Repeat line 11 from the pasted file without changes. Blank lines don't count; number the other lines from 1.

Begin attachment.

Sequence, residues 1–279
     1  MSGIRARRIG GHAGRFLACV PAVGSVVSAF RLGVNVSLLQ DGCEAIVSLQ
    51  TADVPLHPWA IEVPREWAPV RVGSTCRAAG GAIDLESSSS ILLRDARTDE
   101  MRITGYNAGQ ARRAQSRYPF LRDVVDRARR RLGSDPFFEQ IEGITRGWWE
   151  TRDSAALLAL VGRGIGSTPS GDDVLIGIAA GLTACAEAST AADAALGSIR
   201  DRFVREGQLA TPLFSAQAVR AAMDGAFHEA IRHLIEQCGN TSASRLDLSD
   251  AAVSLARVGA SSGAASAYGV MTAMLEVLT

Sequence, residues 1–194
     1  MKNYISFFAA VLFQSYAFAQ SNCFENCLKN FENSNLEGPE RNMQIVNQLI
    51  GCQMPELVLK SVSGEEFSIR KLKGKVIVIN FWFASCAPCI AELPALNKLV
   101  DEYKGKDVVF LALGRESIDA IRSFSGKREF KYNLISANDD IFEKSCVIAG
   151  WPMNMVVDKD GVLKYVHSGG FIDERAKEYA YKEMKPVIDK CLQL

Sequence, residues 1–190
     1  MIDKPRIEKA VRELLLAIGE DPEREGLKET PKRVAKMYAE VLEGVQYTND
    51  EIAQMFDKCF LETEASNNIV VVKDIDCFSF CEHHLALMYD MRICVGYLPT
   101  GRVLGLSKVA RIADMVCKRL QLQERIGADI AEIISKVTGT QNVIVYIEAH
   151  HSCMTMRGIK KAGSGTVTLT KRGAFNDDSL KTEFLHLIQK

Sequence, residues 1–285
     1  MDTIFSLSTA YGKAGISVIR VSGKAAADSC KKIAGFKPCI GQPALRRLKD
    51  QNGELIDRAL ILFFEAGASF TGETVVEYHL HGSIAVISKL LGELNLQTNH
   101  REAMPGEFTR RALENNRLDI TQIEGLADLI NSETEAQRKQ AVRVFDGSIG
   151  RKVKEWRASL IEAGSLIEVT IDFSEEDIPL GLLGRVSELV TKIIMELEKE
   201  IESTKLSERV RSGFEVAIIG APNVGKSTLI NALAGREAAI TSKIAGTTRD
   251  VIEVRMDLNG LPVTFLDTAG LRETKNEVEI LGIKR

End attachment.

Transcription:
   101  DEYKGKDVVF LALGRESIDA IRSFSGKREF KYNLISANDD IFEKSCVIAG